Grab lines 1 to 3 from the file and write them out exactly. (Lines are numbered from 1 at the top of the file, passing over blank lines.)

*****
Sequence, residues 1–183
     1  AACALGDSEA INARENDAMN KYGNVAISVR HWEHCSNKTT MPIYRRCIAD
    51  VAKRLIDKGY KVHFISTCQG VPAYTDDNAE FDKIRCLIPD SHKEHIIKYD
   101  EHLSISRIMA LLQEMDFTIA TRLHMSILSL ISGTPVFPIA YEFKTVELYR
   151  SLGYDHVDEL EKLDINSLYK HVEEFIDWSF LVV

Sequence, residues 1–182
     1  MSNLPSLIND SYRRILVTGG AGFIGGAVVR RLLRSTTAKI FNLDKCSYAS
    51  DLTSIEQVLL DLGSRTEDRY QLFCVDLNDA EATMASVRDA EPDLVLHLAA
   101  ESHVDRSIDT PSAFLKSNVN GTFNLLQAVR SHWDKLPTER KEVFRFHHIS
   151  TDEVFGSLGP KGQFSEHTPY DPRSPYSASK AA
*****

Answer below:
Sequence, residues 1–183
     1  AACALGDSEA INARENDAMN KYGNVAISVR HWEHCSNKTT MPIYRRCIAD
    51  VAKRLIDKGY KVHFISTCQG VPAYTDDNAE FDKIRCLIPD SHKEHIIKYD